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Tamari said she was searched, placed in a holding cell and flown back to the U.S. the following day. “The idea that somebody my age, a Quaker, on a peace delegation with folks from the U.S., would be denied entry _ that never crossed my mind,” she said.

Najwa Doughman, a 25-year-old Palestinian American from New York City, said she underwent a similar experience when she arrived for a one-week vacation on May 26.

A female interrogator ordered Doughman to open her Gmail account, threatening she would be deported if she didn’t.

“She typed in gmail.com and she turned the keyboard toward me and said, ‘Log in. Log in now,’” Doughman recounted. “I asked, ‘Is this legal?’ She said, ‘Log in.’”

She said the agent searched for keywords like “West Bank” and “Palestine” and made fun of a chat in which Doughman talked of reading graffiti on Israel’s West Bank separation barrier.

“After she read a bunch of stuff, humiliating and mocking me, I said, ‘I think you’ve read enough,’” Doughman said, adding that agents jotted down names and emails of her friends as they inspected her chat history.

Doughman’s traveling companion, Sasha Al-Sarabi, said agents pulled her aside and checked out her Facebook page.

Both women said they were approached because of their Arab family names, and were repeatedly asked about the nature of their visit, and whether they planned to go to the West Bank and participate in anti-Israel demonstrations.

While acknowledging she belonged to Palestinian activist groups when she was in college, Doughman said she insisted the one-week visit was purely for a vacation.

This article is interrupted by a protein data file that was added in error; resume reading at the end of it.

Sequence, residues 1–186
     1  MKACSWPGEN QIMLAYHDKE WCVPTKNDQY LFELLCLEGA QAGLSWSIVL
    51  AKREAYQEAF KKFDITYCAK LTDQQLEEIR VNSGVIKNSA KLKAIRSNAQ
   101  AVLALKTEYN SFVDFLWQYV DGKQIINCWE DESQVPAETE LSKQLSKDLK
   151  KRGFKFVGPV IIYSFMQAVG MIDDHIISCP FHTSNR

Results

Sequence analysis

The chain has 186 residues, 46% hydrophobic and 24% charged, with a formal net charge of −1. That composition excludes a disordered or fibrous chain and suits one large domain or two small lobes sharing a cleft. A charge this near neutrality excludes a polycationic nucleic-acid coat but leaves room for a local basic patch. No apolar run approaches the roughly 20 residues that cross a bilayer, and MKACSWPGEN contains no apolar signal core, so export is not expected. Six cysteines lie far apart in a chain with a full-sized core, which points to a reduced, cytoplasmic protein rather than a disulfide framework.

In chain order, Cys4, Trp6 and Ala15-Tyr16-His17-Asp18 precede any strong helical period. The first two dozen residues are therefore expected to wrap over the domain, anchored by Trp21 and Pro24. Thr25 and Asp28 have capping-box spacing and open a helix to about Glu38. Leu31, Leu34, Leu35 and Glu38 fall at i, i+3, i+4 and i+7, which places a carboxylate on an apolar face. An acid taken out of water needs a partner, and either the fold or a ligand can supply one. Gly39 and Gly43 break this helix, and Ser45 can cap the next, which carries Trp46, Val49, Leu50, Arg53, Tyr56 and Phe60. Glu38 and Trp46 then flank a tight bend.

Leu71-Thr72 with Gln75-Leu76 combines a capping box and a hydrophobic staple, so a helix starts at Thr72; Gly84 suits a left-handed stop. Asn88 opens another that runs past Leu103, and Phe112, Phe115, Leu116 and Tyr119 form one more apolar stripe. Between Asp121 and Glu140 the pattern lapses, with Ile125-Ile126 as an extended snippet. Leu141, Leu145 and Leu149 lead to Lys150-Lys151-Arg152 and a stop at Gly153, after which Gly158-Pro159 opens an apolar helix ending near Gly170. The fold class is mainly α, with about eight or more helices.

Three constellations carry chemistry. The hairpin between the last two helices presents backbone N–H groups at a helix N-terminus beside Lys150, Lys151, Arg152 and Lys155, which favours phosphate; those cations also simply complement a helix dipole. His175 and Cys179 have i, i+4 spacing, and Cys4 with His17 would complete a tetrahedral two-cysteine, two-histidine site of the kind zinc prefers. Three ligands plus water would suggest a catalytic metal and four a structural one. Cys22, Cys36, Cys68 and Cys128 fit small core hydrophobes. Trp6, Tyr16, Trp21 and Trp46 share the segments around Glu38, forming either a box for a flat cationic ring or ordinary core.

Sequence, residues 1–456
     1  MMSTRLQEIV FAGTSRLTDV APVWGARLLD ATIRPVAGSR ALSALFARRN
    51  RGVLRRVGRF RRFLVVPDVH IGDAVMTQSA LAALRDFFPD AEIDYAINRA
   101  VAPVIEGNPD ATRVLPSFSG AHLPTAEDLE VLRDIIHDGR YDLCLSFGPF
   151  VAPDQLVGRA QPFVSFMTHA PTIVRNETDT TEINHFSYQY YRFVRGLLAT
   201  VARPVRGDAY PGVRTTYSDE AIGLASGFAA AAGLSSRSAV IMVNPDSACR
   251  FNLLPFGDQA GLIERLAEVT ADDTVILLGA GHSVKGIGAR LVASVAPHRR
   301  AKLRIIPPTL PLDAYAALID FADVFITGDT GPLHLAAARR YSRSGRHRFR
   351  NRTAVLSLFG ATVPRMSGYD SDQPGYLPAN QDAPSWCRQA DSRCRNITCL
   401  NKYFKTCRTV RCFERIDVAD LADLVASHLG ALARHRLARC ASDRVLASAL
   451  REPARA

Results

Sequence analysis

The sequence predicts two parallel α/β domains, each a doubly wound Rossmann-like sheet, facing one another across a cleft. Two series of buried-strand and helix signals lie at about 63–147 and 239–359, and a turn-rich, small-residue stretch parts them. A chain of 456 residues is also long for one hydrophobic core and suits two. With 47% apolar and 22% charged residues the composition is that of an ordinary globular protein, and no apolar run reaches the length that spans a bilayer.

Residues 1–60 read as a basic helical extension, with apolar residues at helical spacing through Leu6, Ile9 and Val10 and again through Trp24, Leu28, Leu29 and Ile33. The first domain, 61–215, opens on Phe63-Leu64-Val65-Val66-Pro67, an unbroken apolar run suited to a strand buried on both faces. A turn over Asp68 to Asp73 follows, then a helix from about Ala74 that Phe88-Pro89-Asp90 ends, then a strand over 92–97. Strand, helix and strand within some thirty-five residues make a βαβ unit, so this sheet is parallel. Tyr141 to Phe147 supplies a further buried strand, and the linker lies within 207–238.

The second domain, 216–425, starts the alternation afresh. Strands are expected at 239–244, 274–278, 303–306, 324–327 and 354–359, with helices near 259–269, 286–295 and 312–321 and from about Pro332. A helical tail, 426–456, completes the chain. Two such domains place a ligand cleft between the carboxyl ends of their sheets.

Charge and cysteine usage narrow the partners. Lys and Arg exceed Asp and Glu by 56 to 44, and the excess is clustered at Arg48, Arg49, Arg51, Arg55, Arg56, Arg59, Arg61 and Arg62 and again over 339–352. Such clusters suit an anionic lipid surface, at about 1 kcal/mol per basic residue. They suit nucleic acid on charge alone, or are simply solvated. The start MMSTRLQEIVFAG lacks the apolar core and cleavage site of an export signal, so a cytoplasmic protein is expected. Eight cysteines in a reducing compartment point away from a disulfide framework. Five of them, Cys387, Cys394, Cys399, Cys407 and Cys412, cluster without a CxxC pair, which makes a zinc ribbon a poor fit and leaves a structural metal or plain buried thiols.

“The interrogator asked me, ‘Do you feel more Arab or more American? … Surely you must feel more Arab,” Doughman said. “I told her I was born in the U.S. and studied there, but she didn’t like my answer.”

After hours of questioning, both women were told they would not be allowed in. They said they were subjected to strip searches, placed in a detention center and sent back to the U.S. the following day. Doughman said they weren’t allowed to call the U.S. Embassy.

American Embassy spokesman Kurt Hoyer said the embassy does not comment on specific cases. But he said the embassy is “usually” contacted whenever an American citizen is not allowed to enter Israel, or any other country.

The embassy typically remains in contact with local authorities throughout the process until a decision on entry is made.

He said the U.S. stresses to all governments “to treat American passport holders as Americans, regardless of their ethnic origin … At the same time, any sovereign nation has the right to decide who to let in, and not to let in.”

Tamari and Doughman’s cases were first reported on the left-wing blog Mondoweiss.

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